01 November 2010

Reva to China, Areva to India, cities to report emissions, weak U.S. wind, and Gamers' Corner

Top Stories

"US Wind Power’s Dismal Quarter"reliability high.
"The U.S. industry added just 395 megawatts of wind-powered electric generating capacity in the third quarter of 2010, making it the lowest quarter since 2007, according to the American Wind Energy Association. ... In 2010, wind projects in the U.S. are being installed at half the rate as in Europe, and a third of the rate as in China. Factors include lack of long-term U.S. energy policies" according to the AWEA. See Environmental Leader.

"California unveils greenhouse gas trading scheme"reliability high.
"California unveiled its final draft of a market system to curb greenhouse gases, relaxing expected rules in the face of a weak economy .... Under the plan unveiled on Friday and likely to be adopted December 16 by the powerful Air Resources Board, the brunt of the market force will not be brought to bear for years. The plan insures easy compliance terms in early years, and planners reserve the right to give preferential terms to industries that are at risk of fleeing the state. See Reuters. Press release and access to the draft regs here. [California has tried to craft a program that will avoid the problems encountered in earlier cap-and-trade schemes. Because of current economic conditions it incorporates very gradual imposition of caps, generous give-aways of permits, and mechanisms to prevent permit price spikes. California voters will decide tomorrow whether to abrogate the law underlying this program.]

Companies, Industries, Markets and Supply Chains

"Areva has Rs 13,300-crore plans for solar energy"reliability high.
French energy major Areva "is betting big on solar power in India. It plans to float two subsidiaries for channelising investment to the tune of $3 billion (Rs 13,300 crore) in solar power generation. ... The company is in talks with two financial institutions for floating a joint venture to put up 1,000 Mw of solar thermal power capacity over the next five to seven years." More in Areva's plans in India. From Business Standard.

"London, Toronto and New York to calculate city-wide carbon footprints"reliability high.
"London, Toronto and New York have become the first three cities to sign up to a new carbon report initiative from the Carbon Disclosure Project, designed to create a public database of cities' greenhouse gas emissions and climate change strategies. ... In partnership with the C40 Cities Climate Leadership Group and the Clinton Climate initiative, the scheme is asking the 59 largest cities in the world that have previously committed to tackling climate change to voluntarily measure and report on their emissions to the CDP." See BusinessGreen. Press release here.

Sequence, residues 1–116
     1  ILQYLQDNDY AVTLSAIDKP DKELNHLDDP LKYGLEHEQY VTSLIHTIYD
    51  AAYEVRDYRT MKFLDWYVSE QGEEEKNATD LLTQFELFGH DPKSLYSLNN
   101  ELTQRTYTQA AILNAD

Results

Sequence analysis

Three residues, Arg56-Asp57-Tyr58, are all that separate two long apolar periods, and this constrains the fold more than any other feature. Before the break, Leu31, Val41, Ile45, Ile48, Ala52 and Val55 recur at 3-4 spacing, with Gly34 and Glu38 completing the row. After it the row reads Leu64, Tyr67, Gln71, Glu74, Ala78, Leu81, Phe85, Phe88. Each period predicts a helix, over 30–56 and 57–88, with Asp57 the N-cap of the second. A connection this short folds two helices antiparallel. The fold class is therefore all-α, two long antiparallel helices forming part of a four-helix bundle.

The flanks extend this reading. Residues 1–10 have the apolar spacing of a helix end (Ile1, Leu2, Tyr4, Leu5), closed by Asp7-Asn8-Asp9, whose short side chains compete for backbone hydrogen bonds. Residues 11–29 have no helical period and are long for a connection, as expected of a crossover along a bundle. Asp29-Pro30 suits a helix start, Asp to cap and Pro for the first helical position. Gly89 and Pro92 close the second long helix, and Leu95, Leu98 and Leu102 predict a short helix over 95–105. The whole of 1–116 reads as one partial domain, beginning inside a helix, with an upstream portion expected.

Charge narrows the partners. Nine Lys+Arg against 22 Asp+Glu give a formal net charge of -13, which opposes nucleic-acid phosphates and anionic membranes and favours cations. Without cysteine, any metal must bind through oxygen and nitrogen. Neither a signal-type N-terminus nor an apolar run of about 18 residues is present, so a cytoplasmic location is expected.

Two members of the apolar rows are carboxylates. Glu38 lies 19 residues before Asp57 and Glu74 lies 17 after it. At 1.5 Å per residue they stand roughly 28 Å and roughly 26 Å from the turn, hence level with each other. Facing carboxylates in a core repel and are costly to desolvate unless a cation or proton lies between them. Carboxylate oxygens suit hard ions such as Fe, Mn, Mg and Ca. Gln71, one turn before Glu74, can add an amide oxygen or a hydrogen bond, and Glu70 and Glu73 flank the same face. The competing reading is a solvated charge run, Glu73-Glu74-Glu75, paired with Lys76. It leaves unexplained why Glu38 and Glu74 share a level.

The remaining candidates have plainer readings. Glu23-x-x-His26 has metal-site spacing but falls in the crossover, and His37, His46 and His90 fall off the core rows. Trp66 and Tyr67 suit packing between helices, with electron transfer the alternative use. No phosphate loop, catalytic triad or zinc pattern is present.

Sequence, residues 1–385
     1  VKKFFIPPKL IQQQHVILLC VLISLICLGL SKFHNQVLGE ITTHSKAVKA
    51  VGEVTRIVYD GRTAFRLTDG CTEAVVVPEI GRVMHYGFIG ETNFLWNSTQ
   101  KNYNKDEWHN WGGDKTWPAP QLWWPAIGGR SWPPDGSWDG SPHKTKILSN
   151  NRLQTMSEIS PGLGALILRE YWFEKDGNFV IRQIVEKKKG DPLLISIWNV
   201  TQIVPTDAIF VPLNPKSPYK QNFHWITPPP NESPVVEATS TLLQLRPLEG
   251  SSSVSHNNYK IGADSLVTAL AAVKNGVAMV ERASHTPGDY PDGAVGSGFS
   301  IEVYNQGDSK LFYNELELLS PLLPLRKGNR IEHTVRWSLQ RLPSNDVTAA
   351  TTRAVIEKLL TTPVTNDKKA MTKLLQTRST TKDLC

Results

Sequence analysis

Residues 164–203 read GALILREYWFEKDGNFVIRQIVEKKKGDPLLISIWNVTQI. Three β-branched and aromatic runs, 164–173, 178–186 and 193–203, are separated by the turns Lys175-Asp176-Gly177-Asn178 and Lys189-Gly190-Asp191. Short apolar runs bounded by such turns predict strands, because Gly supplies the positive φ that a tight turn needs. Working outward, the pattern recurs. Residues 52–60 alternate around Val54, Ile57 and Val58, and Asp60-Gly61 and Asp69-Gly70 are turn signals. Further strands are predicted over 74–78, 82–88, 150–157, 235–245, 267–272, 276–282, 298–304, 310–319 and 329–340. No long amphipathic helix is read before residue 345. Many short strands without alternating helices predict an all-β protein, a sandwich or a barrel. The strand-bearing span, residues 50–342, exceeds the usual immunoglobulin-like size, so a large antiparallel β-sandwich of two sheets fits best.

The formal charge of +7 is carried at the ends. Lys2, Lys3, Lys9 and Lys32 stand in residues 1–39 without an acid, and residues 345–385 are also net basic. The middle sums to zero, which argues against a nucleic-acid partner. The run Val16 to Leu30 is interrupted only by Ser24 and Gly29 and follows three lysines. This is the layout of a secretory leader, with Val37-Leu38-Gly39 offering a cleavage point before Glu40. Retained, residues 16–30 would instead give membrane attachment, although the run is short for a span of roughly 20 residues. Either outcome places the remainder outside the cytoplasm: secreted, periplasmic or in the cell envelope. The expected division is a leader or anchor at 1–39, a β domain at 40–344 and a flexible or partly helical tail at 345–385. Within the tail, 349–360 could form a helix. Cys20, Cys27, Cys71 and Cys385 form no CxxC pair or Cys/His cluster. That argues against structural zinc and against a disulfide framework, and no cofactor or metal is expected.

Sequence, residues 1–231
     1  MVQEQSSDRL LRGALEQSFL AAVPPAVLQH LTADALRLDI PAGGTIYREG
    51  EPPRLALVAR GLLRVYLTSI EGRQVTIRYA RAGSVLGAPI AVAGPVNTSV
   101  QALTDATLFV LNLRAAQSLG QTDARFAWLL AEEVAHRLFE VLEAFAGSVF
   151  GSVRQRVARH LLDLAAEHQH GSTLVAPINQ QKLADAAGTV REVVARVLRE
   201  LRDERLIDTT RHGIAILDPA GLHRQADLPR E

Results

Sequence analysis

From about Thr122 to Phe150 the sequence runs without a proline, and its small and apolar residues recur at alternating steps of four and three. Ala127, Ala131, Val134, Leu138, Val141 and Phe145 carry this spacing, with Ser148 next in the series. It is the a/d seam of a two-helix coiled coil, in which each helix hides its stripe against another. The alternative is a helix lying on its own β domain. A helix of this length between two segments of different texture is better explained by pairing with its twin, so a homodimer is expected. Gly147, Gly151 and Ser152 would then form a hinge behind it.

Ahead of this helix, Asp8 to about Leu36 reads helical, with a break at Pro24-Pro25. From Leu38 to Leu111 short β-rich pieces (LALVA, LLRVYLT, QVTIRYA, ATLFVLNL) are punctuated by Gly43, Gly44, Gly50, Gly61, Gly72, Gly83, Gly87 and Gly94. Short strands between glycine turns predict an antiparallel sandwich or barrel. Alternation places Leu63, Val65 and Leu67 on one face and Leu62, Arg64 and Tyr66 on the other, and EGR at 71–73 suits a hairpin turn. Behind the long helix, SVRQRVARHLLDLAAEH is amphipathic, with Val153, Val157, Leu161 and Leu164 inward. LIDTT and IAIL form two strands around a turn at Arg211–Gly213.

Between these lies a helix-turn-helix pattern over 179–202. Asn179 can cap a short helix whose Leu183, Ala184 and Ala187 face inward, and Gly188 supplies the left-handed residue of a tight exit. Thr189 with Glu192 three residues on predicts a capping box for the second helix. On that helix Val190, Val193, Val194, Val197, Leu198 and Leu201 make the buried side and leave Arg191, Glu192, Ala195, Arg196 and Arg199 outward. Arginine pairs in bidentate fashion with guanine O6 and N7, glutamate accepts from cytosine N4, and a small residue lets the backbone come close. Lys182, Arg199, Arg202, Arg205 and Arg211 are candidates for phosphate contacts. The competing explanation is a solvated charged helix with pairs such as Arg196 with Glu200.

"Braskem to build Bio-PP plant"reliability medium.
Brazilian chemical producer "Braskem announced last week that it will now build a sugarcane ethanol-based polypropylene plant". Startup is set for 2013. "Investment of the plant is around $100m and capacity is said to be a minimum 30,000 tonne/year." Post speculates on the technology to be employed. From ICIS Green Chemicals blog.

"Mahindra & Mahindra to take Reva to China"reliability high.
"electric carmaker Reva Motors, owned by utility vehicle major Mahindra & Mahindra (M&M ), plans to enter China," hoping to take advantage of its huge market and EV subsidies. "'China is one of the largest auto market and given the huge demand for eco-friendly vehicles it could generate in future, we would like to take our new cars into that market,' said Pawan Goenka, chairman, Mahindra Reva Electric." See Economic Times.

Gamers' Corner

"Climate computer game lets you decide Earth's fate"reliability high.
"Ever wondered how one person could save the planet from the effects of climate change? A British-made computer game on trial release on Monday creates different ways of doing just that. 'Fate of the World' puts the Earth's future in players' hands, placing them in charge of an international environmental body which could save the world from the effects of rising greenhouse gas emissions or let it perish by continuing to rely on emissions-heavy fossil fuels." Game is available for preorder and download of the "special edition" trial release now. See Reuters.

"Fate of the World – review"reliability medium.
Review of the new computer game "Fate of the World", which asks players to devise effective climate change strategies. "while Fate of the World arms you with environmental data and renewable energy policies rather than grenades and rocket launchers, the result is still compelling." From The Guardian. The game developer's site is here. [The interesting thing about this game is that it incorporates real climate science. "Fate of the World is brought to you by the award-winning Red Redemption games team and Battlestations: Midway Producer Klaude Thomas with climate science by Dr Myles Allen (University of Oxford), writing by David Bishop (Dr Who, 2000AD) and music composed by Richard Jacques (Mass Effect, Alice in Wonderland)." Just like other games have the physics of gravity built in, this has the physics of climate forcings. I wonder if you have "god" options to alter these parameters?]